Paddling as hard and as fast as I could, I was still being taken backwards down the left channel, the channel that we wanted to avoid. Diane had made it to the sandbar but was hung up on shallow rocks. Swearing (which always helps me paddle harder), I turned the kayak around, nose first downstream and paddled toward the main shore. A few minutes later, I stood on the bank, bent over and breathing hard, mostly out of relief. Diane and I yelled across the rushing river and she got in her boat and paddled toward shore. I ran ahead to grab the nose of her boat as she reached my side of the river. This was the day we called it. Winds gusting to 30 mph, rain and snow in the forecast… we decided that we’d given this second year a good run on the Yellowstone River. 134 miles, some beautiful weather, but more and more rainy cold and snowy days in the forecast, and now high winds – yeah, it was a good run, and time to be happy with our accomplishments and wait for next year when we hope that ‘third time’s the charm’.
This last day had begun with rain and wind… And an invitation to pancakes. As Diane and I lay in our tents, considering the day and the weather, a truck drove up. Daniel from across the river called out. After good mornings, he asked whether we’d be interested in breakfast and a clothes dryer. Well of course! Diane grabbed yesterday’s wet gear and we hopped into the warm truck for a ride across the old black railroad bridge.
Almost two weeks earlier we had put in the river at Myers Bridge Fishing Access in Hysham, MT where we’d gotten off the river in 2017. The river begins to widen out and slow down a bit beyond this point, which makes for somewhat more relaxed paddling. I may say ‘relaxed’ but in reality river paddling requires constant vigilance. If not for Diane’s good vision, I would have been hung up on sandbar after sandbar. While we did not have the constant hold-your-breath-and-pray rapids of last year, we still needed to make continual decisions as to which channel was the better route.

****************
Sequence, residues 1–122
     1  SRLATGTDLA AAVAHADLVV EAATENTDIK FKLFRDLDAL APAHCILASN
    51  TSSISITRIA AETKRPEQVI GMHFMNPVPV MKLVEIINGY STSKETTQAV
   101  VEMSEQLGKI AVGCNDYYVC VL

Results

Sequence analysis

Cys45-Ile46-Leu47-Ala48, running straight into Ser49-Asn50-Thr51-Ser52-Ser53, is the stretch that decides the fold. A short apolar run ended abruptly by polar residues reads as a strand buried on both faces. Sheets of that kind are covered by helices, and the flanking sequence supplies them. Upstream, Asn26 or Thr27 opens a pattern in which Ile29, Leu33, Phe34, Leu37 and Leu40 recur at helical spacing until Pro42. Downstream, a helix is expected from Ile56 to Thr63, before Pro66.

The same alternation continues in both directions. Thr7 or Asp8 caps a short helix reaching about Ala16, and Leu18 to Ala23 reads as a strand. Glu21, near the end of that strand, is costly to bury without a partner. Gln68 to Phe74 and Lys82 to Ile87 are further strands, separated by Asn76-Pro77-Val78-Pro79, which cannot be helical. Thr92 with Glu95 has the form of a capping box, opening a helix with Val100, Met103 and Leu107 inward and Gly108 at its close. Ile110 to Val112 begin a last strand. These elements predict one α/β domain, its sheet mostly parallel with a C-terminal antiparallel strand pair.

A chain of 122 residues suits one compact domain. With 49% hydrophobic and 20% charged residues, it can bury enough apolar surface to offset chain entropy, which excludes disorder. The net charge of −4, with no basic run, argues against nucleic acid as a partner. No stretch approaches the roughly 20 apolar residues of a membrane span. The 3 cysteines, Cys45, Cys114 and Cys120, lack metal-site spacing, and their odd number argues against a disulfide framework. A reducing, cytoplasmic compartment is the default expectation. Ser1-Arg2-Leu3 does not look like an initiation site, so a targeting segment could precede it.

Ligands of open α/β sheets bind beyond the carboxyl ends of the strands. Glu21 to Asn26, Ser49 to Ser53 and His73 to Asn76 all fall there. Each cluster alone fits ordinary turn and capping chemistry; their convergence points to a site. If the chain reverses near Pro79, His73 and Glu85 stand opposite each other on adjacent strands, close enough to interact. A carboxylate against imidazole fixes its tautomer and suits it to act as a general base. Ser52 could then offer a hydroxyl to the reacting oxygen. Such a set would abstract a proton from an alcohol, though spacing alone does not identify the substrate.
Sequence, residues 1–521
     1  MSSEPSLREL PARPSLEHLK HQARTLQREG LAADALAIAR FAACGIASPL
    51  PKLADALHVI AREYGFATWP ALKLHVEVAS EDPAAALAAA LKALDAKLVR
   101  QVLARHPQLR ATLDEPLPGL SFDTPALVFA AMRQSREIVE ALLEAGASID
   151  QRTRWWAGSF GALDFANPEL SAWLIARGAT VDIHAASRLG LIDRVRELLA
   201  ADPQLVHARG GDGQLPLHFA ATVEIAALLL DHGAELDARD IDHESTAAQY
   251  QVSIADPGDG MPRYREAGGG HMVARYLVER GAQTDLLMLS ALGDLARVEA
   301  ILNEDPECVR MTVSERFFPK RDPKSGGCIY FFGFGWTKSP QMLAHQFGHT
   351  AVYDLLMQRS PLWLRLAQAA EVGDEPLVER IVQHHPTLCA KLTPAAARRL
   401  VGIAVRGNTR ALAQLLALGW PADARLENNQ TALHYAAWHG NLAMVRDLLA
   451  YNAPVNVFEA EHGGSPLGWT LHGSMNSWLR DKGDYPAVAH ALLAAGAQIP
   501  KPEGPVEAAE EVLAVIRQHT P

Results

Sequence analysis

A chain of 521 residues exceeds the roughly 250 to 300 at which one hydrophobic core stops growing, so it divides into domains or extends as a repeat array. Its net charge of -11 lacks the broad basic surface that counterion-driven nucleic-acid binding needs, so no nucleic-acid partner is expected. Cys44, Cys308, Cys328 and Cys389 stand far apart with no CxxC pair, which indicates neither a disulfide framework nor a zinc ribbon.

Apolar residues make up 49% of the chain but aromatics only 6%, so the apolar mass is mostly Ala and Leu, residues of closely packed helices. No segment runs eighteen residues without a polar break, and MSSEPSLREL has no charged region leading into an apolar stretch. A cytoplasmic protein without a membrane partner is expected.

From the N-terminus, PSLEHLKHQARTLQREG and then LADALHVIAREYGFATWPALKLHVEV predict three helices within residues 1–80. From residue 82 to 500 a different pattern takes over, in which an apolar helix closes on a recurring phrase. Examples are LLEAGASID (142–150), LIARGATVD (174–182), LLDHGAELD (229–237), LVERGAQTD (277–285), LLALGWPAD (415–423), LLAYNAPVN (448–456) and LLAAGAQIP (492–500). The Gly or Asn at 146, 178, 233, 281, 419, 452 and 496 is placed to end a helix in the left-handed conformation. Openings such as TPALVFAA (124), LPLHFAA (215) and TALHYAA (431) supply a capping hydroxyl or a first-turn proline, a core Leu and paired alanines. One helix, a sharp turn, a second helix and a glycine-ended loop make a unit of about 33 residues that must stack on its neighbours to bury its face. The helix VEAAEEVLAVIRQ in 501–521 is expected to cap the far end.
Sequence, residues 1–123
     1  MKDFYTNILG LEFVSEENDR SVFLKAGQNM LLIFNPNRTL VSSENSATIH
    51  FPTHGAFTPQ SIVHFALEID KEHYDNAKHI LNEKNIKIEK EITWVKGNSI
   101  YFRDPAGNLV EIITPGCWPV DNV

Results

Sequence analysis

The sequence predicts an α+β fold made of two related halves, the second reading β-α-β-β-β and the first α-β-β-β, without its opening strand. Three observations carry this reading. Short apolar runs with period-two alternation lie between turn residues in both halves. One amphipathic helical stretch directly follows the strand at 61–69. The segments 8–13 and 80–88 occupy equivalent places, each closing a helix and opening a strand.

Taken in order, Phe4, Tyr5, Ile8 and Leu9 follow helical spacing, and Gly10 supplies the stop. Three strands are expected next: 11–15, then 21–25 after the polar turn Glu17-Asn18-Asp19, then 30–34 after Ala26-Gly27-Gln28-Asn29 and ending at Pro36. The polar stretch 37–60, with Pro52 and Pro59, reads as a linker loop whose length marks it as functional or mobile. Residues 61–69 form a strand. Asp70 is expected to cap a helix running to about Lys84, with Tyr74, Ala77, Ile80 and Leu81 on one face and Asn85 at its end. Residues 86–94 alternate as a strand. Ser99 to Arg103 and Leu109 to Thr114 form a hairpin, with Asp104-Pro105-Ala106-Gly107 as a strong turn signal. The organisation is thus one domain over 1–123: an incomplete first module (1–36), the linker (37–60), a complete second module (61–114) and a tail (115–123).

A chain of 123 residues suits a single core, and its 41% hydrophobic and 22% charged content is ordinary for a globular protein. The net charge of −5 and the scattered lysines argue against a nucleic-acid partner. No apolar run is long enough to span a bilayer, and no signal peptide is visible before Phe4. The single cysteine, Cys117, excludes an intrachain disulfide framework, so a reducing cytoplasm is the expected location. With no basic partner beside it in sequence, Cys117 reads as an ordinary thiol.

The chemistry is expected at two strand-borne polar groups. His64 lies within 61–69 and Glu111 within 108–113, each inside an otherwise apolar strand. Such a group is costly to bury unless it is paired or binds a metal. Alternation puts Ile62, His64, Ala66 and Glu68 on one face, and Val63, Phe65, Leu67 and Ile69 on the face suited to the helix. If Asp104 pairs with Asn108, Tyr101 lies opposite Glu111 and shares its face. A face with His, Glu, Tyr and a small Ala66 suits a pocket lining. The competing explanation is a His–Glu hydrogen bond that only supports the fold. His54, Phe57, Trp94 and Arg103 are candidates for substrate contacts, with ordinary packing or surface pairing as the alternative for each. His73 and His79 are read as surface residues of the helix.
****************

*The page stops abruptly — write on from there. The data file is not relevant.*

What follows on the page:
The morning ritual included breakfast, dry the flies if dew had collected on tents, pack the kayaks and get on the water. Eagles often perched above the river or flew overhead. Bev began counting and we continued the tradition after she left the water. We counted 55 Bald Eagles this year. We saw some osprey and many sand hill cranes. The cranes were alone as well as in congregations, on the shore and flying overhead. We heard flocks of starlings convening loudly in cottonwood groves as we floated past. The din of Canada Geese was constant, sometimes to the point of distraction. The feathered commotions highlighted the changing season. I thought of these birds readying for their yearly migration as we slowly floated by on our own migration toward the Missouri. Mergansers, Western Grebes, shore birds, flickers, and kingfishers punctuated the edges of the river, adding focal relief to the shoreline.
We saw one coyote—in this part of the state, any coyote is lucky to be alive. A few deer wandered down to the river in the evenings, and one beaver joined us for lunch at the mouth of the Powder River, slapping his tail to give us a strong hint to move along. Cottonwoods were the dominant large tree, but Russian Olives, an invasive fast-growing tree with large thorns, also lined the shore. Russian Olive has been planted as a windbreak or ornamental but it spreads quickly and out-competes native species. Along the river, it uses a lot of water, having roots that can reach 35 feet.